Kidneys: Breathing problems, wheezing, shortness of breath, fast breathing, feeling hot, low blood pressure.

Liver: The brain function becomes affected: Irritability, sleepiness, confusion, seizures, and loss of consciousness.

Paralysis: Episodic muscle weakness, episodic partial paralysis, episodic total paralysis.

Laboratory blood changes: Elevated blood potassium, serum sodium level elevated, Serum CPK (creatine).

Laboratory urine changes: Elevated urine pH level.


HYPOKALEMIC PERIODIC PARALYSIS:

Hypokalemic Periodic Paralysis Hypokalemic Periodic Paralysis, also known as Westphall Disease, is the most common form of Periodic Paralysis accounting for about 70% of all cases. If an individual has Hypokalemic Periodic Paralysis he or she become partially or fully paralyzed intermittently. As already stated, the paralysis results from potassium moving from the blood into muscle cells in an abnormal way. It is associated with low levels of potassium (hypokalemia) during paralytic episodes

When potassium shifts into lower ranges in normal individuals, it is called hypokalemia. Low potassium levels in the blood will occur for anyone and a myriad of symptoms may be experienced and can be dangerous, even deadly. If an individual has Hypokalemic Periodic Paralysis and potassium shifts into lower ranges, he or she can and will experience a combination of the same myriad of symptoms as well as paralysis and can be equally as dangerous and deadly. When potassium levels are low, which is usually between 2.5 to 3.5 mEq/L, the following symptoms can occur: tiredness, pain in the muscles, cramping, upset stomach, constipation, lightheadedness, depression, mood swings.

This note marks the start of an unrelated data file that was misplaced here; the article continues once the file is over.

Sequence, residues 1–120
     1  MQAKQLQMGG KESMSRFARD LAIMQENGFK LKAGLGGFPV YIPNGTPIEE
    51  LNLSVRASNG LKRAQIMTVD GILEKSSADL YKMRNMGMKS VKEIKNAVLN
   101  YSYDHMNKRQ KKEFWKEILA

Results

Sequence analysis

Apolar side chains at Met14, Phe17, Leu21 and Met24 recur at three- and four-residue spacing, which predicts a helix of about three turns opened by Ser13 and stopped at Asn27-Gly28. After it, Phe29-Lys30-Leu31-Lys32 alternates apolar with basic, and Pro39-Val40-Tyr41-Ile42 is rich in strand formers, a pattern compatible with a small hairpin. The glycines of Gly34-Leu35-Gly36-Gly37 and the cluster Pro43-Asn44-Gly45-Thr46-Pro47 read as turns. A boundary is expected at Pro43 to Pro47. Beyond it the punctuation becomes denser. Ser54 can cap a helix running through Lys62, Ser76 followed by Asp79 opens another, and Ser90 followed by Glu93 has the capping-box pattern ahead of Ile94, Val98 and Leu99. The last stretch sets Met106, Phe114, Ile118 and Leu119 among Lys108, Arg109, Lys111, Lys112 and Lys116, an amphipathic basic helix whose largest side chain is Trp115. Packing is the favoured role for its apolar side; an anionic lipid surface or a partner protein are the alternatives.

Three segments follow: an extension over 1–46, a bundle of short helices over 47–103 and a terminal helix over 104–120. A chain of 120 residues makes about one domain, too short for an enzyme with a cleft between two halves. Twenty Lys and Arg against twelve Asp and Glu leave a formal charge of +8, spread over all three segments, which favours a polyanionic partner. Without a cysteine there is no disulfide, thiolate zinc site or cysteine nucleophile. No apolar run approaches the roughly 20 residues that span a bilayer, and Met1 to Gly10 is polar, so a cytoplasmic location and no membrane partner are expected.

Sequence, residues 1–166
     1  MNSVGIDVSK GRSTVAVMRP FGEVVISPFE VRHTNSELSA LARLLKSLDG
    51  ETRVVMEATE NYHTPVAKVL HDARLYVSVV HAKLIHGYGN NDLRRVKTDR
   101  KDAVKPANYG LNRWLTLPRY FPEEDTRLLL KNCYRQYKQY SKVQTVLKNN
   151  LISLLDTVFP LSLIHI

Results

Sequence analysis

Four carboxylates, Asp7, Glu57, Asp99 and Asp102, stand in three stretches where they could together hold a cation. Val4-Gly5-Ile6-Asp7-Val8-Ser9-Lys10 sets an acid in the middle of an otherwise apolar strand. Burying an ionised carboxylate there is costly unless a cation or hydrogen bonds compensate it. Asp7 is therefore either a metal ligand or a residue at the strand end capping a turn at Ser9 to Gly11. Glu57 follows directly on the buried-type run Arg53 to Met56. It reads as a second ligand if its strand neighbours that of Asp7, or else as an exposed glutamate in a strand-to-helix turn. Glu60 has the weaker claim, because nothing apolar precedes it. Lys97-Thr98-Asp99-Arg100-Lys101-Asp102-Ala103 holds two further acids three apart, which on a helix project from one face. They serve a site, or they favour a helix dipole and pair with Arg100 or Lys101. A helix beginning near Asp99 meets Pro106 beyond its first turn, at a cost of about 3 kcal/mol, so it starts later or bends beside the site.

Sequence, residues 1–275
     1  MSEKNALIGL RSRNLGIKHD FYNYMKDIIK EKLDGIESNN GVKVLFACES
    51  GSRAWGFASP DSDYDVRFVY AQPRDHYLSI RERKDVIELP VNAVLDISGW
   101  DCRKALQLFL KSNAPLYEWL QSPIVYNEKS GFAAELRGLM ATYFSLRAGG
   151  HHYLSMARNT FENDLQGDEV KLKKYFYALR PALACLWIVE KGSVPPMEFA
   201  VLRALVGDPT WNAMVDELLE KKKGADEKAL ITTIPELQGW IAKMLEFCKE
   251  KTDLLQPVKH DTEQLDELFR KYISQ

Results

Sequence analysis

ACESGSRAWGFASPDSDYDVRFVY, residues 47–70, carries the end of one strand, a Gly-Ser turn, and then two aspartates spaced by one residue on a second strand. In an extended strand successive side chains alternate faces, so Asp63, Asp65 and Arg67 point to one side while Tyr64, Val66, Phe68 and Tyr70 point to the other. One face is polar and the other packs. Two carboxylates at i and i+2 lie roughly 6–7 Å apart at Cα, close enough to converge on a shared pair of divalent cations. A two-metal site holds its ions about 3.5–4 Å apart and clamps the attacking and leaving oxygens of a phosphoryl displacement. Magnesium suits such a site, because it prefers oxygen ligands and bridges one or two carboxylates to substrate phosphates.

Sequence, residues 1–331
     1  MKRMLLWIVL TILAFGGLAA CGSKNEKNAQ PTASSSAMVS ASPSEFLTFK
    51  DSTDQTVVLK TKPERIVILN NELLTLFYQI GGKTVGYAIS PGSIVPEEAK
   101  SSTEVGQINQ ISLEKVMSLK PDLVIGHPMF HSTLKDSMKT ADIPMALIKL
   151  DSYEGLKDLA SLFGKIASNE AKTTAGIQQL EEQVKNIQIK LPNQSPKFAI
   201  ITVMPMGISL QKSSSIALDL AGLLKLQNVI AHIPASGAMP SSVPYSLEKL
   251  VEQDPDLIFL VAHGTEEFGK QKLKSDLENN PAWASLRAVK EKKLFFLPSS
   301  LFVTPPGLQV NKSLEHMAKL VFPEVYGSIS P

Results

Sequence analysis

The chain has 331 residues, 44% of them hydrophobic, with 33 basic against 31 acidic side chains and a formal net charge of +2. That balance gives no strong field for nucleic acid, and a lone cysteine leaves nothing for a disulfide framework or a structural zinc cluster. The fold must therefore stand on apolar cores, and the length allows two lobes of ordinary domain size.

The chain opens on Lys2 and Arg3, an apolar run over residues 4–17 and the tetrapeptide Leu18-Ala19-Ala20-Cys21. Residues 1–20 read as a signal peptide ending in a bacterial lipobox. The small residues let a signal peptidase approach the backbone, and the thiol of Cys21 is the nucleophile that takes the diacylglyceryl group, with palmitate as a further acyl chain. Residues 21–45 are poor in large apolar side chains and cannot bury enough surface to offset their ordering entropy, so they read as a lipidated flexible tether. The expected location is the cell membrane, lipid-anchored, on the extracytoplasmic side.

Potassium levels below 2.5 mEq/L affect many functions of the body including the muscles, digestion, kidneys, electrolyte balance, the liver and the heart.

Muscles: fatigue, pain in the joints, muscle weakness, muscle weakness after exercise, muscle stiffness, muscle aches, muscle cramps, muscle contractions, muscle spasms, muscle tenderness, pins and needles sensation, eyelid myotonia (cannot open eyelid after opening and then closing them).